tube puller to remove the hot 50C5 tube. From the tube stock a new tube was obtained
and placed in the socket. The set was turned on and once more slid into the cabinet
so that the baffle would accentuate any low-frequency hum that might be present.
After several minutes, it remained hum-free, even when Elmer placed a suspicious
ear right against the speaker opening.
"You satisfied that's the trouble?" Mac demanded of Elmer, who still was keeping
his lips tightly sealed.
"I reckon I am," Elmer said grudgingly; "but just wait 'til I get hold of that
know-it-all nephew of mine. He charged me a whole two dollars for that distributor
I didn't need. A fine radio man he is!"
"Don't be too hard on him," Mac said. "He's probably plenty smart about radio
equipment used in the Navy. I know the training those boys get is first class. This
case, though, could trip up almost anyone not experienced in radio receiver servicing.
The clue was the fact the hum was not there at first but came on fairly gradually.
Open filter capacitors seldom act like that. This case was caused by a cathode-to-heater
leakage that increased as the output tube warmed up. Only experience, of which you
think so little, let me suspect this."
"Well," Elmer snarled, "what do I owe you?"
Mac thought a little and then said, "Elmer, I'm just going to charge you for
the tube and my regular minimum charge for a service job that would not normally
require removing the chassis. You do not deserve this break, but I hope the experience
has taught you a lesson. The next time, have faith in me or take your work to someone
you do trust. Here's your bill. Pay Miss Perkins out front."
Elmer snatched the bill from Mac's hand, looked at it, and then started for the
door. As he reached it, though, he stopped and turned around. He swallowed hard
a couple of times and then blurted out, "I've been an old fool!" Without another
word he bolted through the door.
"Say, that was better than a soap opera," Barney exclaimed. "I guess Elmer proves
that in radio servicing the customer is not always right."
"That saying came from the retail selling business," Mac agreed; "and it most
certainly does not apply to any kind of servicing. After all, there is no reason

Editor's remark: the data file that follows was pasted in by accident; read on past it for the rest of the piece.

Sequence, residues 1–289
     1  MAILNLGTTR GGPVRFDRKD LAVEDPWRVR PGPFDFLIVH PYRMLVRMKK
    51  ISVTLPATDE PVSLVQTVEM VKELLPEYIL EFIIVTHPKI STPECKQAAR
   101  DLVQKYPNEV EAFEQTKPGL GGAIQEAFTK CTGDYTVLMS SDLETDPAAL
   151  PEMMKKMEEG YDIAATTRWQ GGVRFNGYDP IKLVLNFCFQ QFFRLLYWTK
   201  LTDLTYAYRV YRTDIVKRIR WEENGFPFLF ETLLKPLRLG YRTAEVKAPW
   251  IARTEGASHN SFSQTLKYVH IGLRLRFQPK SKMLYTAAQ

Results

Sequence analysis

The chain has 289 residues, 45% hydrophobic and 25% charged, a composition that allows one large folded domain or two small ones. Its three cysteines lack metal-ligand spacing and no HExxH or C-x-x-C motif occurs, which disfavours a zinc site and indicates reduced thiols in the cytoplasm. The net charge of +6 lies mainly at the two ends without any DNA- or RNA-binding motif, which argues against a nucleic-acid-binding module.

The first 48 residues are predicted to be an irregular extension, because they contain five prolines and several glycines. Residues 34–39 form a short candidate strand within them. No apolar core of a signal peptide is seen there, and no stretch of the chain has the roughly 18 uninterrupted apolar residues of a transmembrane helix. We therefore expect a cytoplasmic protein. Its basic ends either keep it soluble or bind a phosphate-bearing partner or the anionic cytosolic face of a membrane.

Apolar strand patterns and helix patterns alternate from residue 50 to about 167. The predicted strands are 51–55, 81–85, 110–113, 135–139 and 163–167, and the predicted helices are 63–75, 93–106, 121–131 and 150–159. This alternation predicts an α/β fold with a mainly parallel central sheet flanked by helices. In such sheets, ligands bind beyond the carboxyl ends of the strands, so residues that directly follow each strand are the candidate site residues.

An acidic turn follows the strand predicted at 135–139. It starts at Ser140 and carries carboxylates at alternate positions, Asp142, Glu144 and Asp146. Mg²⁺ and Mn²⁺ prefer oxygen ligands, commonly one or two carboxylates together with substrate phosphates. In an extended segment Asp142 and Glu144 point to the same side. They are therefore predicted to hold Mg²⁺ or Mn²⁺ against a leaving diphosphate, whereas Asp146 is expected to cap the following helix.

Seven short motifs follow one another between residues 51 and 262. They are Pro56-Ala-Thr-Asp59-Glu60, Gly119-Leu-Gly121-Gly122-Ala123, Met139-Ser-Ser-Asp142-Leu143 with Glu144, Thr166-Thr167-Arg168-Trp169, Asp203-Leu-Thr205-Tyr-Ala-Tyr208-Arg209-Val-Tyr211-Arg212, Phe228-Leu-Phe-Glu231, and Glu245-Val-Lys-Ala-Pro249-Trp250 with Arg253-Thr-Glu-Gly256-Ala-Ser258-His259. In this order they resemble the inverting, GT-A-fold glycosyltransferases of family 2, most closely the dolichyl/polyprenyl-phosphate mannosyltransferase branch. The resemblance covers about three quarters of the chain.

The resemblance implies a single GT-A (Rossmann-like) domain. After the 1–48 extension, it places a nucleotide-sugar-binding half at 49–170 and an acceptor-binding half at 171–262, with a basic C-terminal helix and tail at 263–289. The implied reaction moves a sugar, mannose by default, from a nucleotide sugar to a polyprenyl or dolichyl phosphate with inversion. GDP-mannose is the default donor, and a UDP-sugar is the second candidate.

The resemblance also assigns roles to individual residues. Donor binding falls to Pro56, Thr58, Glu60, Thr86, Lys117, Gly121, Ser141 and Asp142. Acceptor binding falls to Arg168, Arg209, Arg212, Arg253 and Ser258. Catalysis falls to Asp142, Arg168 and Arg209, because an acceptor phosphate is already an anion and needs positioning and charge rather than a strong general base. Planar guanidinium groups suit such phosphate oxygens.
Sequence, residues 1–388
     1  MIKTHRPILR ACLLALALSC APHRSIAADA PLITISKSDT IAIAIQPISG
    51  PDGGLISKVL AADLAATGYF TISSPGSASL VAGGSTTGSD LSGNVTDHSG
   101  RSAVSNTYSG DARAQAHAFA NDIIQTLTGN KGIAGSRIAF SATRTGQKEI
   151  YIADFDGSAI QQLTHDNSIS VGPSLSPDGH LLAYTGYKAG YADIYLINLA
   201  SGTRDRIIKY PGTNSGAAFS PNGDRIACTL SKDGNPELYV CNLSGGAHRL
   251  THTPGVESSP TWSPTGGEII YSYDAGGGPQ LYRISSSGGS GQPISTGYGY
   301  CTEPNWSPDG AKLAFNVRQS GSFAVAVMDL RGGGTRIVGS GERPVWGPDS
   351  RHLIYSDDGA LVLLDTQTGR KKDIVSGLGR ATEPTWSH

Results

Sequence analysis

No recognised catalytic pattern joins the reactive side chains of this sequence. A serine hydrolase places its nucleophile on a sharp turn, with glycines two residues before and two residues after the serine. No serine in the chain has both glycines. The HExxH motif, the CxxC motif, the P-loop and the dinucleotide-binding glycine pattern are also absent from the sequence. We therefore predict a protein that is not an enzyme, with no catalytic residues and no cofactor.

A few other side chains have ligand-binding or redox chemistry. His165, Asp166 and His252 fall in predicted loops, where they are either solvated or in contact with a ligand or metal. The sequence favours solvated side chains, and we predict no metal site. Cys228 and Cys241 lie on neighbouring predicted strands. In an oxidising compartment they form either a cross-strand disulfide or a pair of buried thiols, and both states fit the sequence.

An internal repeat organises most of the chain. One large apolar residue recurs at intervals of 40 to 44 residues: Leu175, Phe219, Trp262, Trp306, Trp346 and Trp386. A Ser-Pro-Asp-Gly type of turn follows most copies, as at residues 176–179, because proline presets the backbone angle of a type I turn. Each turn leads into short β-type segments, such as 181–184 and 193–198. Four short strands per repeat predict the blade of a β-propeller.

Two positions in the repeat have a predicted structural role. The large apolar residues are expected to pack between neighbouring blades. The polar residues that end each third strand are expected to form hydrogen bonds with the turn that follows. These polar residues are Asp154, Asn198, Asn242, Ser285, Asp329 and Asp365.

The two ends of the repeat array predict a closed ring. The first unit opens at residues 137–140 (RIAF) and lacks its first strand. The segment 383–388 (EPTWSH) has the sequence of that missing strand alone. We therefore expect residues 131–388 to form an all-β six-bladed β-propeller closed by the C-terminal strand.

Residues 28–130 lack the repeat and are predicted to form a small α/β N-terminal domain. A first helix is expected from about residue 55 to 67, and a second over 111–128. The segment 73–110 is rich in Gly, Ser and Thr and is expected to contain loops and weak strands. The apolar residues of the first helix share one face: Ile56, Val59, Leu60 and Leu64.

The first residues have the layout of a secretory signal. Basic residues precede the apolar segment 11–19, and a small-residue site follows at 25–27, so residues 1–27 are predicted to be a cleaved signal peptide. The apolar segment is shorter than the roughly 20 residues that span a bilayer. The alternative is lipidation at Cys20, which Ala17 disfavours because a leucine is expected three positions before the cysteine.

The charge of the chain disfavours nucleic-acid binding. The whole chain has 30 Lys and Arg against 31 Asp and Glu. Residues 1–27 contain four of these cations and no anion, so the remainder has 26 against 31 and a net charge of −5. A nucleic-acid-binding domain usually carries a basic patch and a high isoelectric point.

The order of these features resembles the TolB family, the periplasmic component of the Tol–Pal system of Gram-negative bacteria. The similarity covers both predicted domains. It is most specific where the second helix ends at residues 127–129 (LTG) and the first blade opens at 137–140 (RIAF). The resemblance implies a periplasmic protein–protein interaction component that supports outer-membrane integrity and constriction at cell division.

to suppose that the customer knows anything about the equipment he brings you to
repair. If he did, he would probably repair it himself. A funny thing is, though,
that few of the men customers like to admit this ignorance. They like to have you
believe that if they just had the tools and the time, they could repair their radio
and TV sets themselves.
"The good technician does not destroy this fiction, but neither does he buy it.
He listens politely to the customer's opinions, but then he relies on his own knowledge
and experience to determine what is wrong and to correct it. He does not take refuge
behind that business of the customer always being right to justify putting in parts
not needed or performing unnecessary services, any more than a doctor would take
out a sound appendix simply because the patient is convinced his gall bladder pains
are from appendicitis."
"Yep," Barney agreed, "I guess it is part of our job to protect customers from
their own ignorance!"
Mac's Radio Service Shop Episodes on RF Cafe
This series of instructive stories was the brainchild of none other than John T.
Frye, creator of the Carl and Jerry series that ran in
Popular Electronics for many years. Mac's Radio Service Shop began life
in Radio & Television News
magazine (which itself started as simply Radio News), and then changed
its name to Mac's Service Shop after the magazine became
World. 'Mac' is electronics repair shop owner Mac McGregor, and Barney
is his eager, if not somewhat naive, technician assistant. 'Lessons' are taught
in story format with dialogs between Mac and Barney.